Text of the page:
In 1989, Fernandez de Rosa returned to Buenos Aires. This would prove to be an important career move for Fernandez de Rosa later on. In Buenos Aires, he became a theater director in the well known Teatro San Martin. Meanwhile, he acted in a television show named "DNI: La Otra Historia ("DNI: The Other Story").
During 1990, Fernandez de Rosa acted on television only once. He was elected as subsecretary of culture in Buenos Aires, and he returned to screen acting with his participation in "Atame!", which was televised in the United States as "Tie me Up, Tie me Down!".
Next came one of the most important acting jobs in Fernandez de Rosa's career: His character in "Grande Pa!, "Teo", became very popular in Argentina. In "Grande Pa!" (titled "Super Dad" in English speaking countries that televised the show), Fernandez de Rosa had his first chance of acting alongside Agustina Cherri, who would later on act with Fernandez de Rosa in "Chiquititas".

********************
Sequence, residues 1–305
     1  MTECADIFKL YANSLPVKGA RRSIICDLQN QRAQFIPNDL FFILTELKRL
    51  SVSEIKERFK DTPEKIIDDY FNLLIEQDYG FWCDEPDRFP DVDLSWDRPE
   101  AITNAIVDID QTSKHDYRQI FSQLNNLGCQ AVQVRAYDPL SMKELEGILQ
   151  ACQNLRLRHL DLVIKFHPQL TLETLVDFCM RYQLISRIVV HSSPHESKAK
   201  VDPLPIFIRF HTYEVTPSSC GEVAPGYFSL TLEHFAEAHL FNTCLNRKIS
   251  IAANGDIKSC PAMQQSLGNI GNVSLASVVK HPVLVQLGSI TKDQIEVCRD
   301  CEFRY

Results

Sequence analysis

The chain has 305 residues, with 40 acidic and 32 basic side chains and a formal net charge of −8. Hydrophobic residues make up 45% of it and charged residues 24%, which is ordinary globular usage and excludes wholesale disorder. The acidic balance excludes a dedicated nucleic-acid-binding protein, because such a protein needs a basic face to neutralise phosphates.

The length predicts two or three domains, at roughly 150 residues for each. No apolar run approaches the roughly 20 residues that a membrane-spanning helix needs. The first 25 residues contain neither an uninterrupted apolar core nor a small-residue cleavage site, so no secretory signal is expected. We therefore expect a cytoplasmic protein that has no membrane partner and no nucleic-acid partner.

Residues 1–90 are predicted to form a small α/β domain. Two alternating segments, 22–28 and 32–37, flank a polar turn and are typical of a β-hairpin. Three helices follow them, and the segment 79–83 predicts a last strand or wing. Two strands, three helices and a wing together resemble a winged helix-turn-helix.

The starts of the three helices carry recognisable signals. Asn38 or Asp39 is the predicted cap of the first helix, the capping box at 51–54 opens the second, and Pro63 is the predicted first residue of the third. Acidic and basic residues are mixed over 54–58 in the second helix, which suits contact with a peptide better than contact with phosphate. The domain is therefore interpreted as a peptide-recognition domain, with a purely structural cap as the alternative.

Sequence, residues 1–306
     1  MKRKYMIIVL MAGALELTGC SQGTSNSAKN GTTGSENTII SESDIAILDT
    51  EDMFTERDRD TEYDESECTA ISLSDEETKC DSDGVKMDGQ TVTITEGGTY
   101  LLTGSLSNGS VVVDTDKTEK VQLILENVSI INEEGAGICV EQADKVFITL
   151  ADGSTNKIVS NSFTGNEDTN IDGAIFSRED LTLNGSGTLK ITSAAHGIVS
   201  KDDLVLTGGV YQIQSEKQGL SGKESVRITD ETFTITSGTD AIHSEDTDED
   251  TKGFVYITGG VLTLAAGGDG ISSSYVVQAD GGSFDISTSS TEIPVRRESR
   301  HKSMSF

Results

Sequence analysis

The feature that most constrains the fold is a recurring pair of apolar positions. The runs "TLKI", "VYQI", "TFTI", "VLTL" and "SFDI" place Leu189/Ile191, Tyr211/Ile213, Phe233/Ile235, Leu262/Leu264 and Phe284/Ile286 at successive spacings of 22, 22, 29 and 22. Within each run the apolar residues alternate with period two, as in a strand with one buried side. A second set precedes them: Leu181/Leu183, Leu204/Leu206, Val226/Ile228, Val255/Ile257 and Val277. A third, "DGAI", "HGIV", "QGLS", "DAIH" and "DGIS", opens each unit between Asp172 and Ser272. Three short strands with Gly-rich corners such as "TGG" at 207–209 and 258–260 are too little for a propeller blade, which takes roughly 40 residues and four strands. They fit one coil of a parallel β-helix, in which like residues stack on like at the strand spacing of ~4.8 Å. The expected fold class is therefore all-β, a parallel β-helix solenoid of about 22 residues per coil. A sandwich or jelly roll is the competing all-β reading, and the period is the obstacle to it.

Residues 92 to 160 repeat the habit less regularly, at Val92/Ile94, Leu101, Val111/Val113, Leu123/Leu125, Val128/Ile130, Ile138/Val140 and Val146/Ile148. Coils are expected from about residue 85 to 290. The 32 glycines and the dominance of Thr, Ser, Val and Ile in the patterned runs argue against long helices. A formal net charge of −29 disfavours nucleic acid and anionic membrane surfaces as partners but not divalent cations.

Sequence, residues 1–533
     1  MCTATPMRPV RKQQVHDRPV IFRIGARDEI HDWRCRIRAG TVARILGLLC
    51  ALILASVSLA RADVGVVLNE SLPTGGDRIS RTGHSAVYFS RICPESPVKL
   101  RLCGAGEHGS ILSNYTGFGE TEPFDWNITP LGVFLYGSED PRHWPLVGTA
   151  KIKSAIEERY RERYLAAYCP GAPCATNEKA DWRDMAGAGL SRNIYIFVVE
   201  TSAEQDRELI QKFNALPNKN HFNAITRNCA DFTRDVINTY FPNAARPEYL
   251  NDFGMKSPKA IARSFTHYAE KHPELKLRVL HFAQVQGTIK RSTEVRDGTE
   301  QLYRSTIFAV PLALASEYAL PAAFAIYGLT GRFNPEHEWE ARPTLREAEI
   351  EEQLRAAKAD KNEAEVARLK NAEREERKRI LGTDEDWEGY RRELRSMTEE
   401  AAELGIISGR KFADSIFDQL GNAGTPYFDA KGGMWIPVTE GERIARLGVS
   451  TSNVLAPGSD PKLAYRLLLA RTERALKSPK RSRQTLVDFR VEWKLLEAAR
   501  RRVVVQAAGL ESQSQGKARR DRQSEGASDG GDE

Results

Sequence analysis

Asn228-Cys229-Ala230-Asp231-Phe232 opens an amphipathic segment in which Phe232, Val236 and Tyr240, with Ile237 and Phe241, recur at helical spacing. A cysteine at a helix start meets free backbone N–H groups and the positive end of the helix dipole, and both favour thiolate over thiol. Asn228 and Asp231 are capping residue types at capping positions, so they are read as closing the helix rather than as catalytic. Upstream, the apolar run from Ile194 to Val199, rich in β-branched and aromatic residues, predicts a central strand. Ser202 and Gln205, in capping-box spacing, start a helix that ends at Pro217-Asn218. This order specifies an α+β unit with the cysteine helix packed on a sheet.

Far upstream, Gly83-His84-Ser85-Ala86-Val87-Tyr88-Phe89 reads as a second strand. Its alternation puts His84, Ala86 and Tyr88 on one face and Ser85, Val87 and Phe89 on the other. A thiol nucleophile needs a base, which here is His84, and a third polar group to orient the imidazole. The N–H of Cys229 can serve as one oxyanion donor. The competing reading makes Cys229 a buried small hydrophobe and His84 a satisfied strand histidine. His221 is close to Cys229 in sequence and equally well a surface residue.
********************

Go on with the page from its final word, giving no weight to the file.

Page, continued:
During the early 1990s, Fernandez de Rosa became casting director at Telefe, a job he held in high esteem; he saw his being chosen as casting director at Telefe as a form of respect towards his career as an actor by that company's executive directors.
Fernandez de Rosa made one more series in 1991, "Fuera de Juego" ("Offsides"). In 1992, he acted in a Spaniard comedy, "Sevilla Connection". He also participated in "Una Mujer Bajo la Lluvia' ("Woman in the Rain") as "Javier", and in "Aqui, el que no Corre...Vuela" ("Here, He Who Won't Run...Will Fly").
Fernandez de Rosa began 1993 by playing "Cairo" in "Tretas de Mujer" ("A Woman's Threats"). But after "Tretas de Mujer", Fernandez de Rosa was approached by Telefe to begin searching for teenaged actors to be cast in his next show, "Chiquititas". He spent 1994 helping Cris Morena prepare the show that would become a megahit internationally.